Improving Customer Lifetime Value leads to a strong customer experience. Experts predict that the customer experience will overtake price and product as the most important brand differentiators by 2020.
Moreover, a customer is four times more likely to buy from a competitor if the problem is service-related, as opposed to price or product-related.
Unsuccessful marketing campaigns are expensive. The more intelligent and data-driven your campaigns are, the more successful they will be.
With improved transparency of your customers comes the opportunity to segment them in a targeted manner. In this context, a 360-degree view of your customers gives you the opportunity to deal with them in a more individual way.
Customers are much better defined by their behavior than by demographic characteristics. So you combine customer data for an increasingly comprehensive picture:
One of the best ways to study customer behavior is to use and link social media. Social data is unfiltered and gives insight into sociological attributes for your customers. It means your business can understand customer sentiments and how they change with the world’s shifting trends.
To discover who is commenting on social media about your product or service, tools like Hootsuite, Mention or Crowdalyzer come in handy. In addition, consumer characteristics such as browsing and shopping patterns related to social media activity can be added to a CRM. The reports on these can be analyzed meaningfully and, most importantly, efficiently and used for more detailed persona creation and customer segmentation. As a by-product, this knowledge helps to fine-tune or update products that are going out of fashion.
Without high-quality and structured data, insights are neither correct nor relevant. One of the first steps to data quality is usually to organize and cleanse the data.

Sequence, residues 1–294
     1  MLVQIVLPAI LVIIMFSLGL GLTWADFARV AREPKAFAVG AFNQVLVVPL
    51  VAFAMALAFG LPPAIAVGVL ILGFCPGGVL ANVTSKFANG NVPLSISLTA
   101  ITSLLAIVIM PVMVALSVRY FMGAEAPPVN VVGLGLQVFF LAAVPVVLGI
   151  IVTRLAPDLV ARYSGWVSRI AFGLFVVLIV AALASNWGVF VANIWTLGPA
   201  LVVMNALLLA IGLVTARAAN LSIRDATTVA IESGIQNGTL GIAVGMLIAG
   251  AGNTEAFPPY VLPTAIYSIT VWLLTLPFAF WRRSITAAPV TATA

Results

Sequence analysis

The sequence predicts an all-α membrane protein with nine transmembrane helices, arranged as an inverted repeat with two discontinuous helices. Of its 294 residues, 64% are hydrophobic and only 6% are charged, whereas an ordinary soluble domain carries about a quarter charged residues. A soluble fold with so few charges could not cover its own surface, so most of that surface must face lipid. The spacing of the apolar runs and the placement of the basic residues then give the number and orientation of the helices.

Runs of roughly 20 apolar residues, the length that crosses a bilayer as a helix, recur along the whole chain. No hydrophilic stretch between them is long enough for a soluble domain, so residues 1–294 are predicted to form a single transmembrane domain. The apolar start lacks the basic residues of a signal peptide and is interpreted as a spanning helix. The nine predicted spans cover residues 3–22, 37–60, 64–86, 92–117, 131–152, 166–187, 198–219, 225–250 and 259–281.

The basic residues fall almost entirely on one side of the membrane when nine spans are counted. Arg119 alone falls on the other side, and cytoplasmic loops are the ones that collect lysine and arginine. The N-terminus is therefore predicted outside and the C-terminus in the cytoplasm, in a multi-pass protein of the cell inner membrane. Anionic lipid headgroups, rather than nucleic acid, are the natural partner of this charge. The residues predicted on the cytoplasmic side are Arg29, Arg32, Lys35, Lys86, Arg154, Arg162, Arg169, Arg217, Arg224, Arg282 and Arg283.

To accomplish this, at best you implement a process that encourages all departments to enter data in a consistent format. Although time consuming, it is important to go back to the original systems and organize historical data when possible. Consistency in data entry and management makes it easier to communicate across departments.
In order to properly segment your customers, you need a process for categorization. When you share data, it’s easy to lose track of what the data shows. Remember to use categories that ensure relationships to other objects are intact.
Every customer interaction should be tied to a business objective, regardless of the outcome. If, for example, a customer interacts with your customer service and is dissatisfied, data must be collected for customer retention.
At the same time, customers and prospects leave footprints every time they interact with your business. Whether it’s a website, an app, or comments on social media, marketers have the ability to capture their data from these data sources and understand their intentions.
However, beware of data silos, especially if there is competition between different departments in your company.
Marketing, Customer Success and Sales are not always aligned in data management as they should be. So if your company publishes a whitepaper after relevant research, make sure your sales staff or customer service use it to proactively give advice or offer solutions. That’s what a consistently great customer relationship requires.
Ultimately, targeted and successful customer centricity is something that is gradually built up processually, based on data, and implemented across your departments.
This is the only way to achieve a holistic view of your customers and to give your customers a positive overall view of your company.
In my role as a growth marketing expert and customer developer, I experience the importance of a customer-centric corporate culture on a daily basis.